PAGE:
Fighting TV shows that show stupid nurses need not take up so much effort; frankly the doctors are treated like they are stupid as well.
The doctors are so stupid in these shows they don’t know how to practice medicine and have to practice nursing in order to look intelligent.
I mean really. Did you ever look at it from that angle?
Now, if a TV show depicts a nurse doing something illegal or unethical, I’ll write a letter. I did so when the BBC America show “No Angels” depicted nurses desecrating a dead body.
But are we as a profession so insecure that we have to jump on every single ad that may not show us as the epitome of professionalism?
You want nurses to be depicted as professionals? Then act that way every single moment of your workday.
The public isn’t stupid. They know a “real” nurse from a phony portrayal.
The public knows that a duck quacks and a duck in a nurse outfit that is called a Nurse Quacktitioner is not meant to insult. (Would it have been better to make it a dog and call it a “Nurse Barktitioner”? A Meow-titioner?).
Another battle that didn’t have to be waged. Yes, I know 2000 of my colleagues wrote. Maybe I’m the one who is off the wall here.
I don’t think so.
I’m not stupid, either. I’m comfortable in my professionalism and my position as a nurse no matter what the television is or isn’t showing or what ads are or aren’t being published.
If my patients have any misconceptions, then they are set straight the minute they meet me. Me. A real nurse.
The Center is doing some fantastic advocacy work.
I believe their effectiveness is diluted by some of the battles they are choosing to fight.
Give the public some credit.
Give us some credit.
The public will listen; the nurses will act.
If…you pick the battles that mean something.
December 5, 2006, 6:55 pm
Ah…one of my favorite movies is “Gone With the Wind”.
Prissy and I have something in common!
Neither of us know nothin’ ’bout birthin’ babies.
But Scarlett and I have something in common, too.
We were both faced with the prospect of having to “birth” a baby.
And just like good ol’ Doctor Mead in Atlanta, the ER doctor was needed elsewhere for more pressing matters.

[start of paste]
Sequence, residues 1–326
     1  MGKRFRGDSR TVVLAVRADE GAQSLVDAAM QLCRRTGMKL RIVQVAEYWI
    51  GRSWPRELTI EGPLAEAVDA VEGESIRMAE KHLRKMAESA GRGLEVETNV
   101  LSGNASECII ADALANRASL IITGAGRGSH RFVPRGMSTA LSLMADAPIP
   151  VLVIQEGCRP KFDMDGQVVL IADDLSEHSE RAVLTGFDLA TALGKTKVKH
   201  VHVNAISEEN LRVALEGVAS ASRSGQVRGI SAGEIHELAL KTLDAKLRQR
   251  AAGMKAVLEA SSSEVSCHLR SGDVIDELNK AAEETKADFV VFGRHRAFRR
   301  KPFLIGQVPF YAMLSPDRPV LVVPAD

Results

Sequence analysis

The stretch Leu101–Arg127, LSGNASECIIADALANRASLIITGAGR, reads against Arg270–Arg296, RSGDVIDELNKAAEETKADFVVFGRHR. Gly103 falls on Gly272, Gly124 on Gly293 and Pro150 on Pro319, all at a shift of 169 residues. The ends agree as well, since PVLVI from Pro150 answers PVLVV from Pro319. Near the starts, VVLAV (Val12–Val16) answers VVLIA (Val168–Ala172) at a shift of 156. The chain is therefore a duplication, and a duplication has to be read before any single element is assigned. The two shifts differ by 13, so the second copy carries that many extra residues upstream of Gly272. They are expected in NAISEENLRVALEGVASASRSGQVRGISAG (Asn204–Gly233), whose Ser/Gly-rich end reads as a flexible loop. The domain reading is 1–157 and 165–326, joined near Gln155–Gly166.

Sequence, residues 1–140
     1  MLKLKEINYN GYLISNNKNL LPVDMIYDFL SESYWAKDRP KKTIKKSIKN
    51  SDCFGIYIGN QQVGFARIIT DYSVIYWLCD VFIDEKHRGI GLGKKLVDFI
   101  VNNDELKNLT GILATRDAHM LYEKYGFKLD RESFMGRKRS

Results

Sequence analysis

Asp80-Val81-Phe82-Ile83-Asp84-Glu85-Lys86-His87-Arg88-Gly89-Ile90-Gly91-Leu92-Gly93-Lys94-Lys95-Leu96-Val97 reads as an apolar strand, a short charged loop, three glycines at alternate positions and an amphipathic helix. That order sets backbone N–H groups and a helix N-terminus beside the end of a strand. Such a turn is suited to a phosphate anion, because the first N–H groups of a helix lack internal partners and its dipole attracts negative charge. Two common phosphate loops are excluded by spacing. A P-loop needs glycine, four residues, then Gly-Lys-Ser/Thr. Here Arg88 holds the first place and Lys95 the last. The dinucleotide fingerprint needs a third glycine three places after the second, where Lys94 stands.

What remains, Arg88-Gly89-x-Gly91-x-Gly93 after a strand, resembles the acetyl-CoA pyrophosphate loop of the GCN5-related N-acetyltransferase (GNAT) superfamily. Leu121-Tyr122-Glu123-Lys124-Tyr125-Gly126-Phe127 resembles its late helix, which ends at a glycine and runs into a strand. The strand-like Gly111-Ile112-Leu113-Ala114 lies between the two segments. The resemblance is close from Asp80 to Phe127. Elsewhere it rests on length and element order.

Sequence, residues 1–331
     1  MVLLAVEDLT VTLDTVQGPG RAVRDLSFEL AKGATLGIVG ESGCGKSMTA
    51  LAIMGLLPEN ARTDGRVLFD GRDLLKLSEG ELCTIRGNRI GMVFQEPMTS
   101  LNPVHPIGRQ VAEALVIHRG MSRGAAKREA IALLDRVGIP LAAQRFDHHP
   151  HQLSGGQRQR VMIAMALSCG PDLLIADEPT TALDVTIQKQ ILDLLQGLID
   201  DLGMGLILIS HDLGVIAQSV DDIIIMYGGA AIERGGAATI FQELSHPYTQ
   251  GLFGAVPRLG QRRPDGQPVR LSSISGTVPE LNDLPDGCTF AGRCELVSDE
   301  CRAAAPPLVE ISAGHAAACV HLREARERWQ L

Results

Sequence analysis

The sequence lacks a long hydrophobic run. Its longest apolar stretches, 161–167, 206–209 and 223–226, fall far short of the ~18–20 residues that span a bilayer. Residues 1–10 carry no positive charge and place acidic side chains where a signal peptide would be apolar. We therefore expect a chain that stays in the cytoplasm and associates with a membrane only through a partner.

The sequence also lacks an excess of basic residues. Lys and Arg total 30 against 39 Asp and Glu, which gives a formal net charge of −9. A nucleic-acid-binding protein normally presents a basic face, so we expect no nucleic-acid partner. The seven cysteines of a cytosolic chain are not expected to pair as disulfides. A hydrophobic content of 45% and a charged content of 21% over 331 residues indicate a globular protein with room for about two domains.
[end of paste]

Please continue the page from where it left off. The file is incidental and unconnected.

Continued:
The call came from the intensive care unit, right next door to the emergency department.
A patient had self-extubated and was decompensating rapidly. Would the ER doctor rush over and re-intubate this patient?
He was through the double doors before I even hung up the phone.
I was the night charge nurse at the time.
The night was surprisingly slow for that little “mini-county” of an ER. It was just a smidge before two am and only one or two patients were over on the “clinical” side.
This particular ER required that all pregnant women, even if they were at term with ruptured membranes, sit down at triage and get their vitals taken along with a bunch of other busy work that could have and should have been done up in labor and delivery.
Emergency: the dumping ground for everyone else’s scut work.
So here comes a very pregnant young lady. She wasn’t a child but resided somewhere in the nebulous area between the state saying you are an adult and actually being one. Her mother pushed her through the ambulance entrance in a wheelchair.
“Hi!” I said. “Is it time?”
“I do believe it is” answered the soon-to-be grandmother. “She’s been havin’ pains for about six hours and her water broke ’bout half an hour or more ago. Now she says she has to go to the bathroom.”
First baby. A week from scheduled due date.
Ding!Ding!Ding! The little bell in my head went off.
(Actually what went off in my head was “Oh s***!” )
But I just smiled and said “Okay, let’s have you lay down on the bed here and see what’s happening!”
The patient herself was quiet, withdrawn and seemed not quite “all there”. As the wheelchair was pulled parallel to the gurney, the patient stood up and began to walk away!
“Whoa! Hon, where are you going?” Seemed like a natural question at the time.
“I’m goin’ to the bathroom.” Ask a silly question…
“Oh no you’re not! You need to lay down right now.”
She just looked at me wierd. Didn’t budge.
I repeated the need for her to lay down, like, yesterday.
No response. Just stared at me. No crying, no clutching her abdomen. No hysterics. Just a straight stare.
So we, uh, assisted the patient into a supine position and I told her I needed to take a “peek” at what was happening “down there”.
(Son of a B****!!!!!!!!!!)
She was crowning.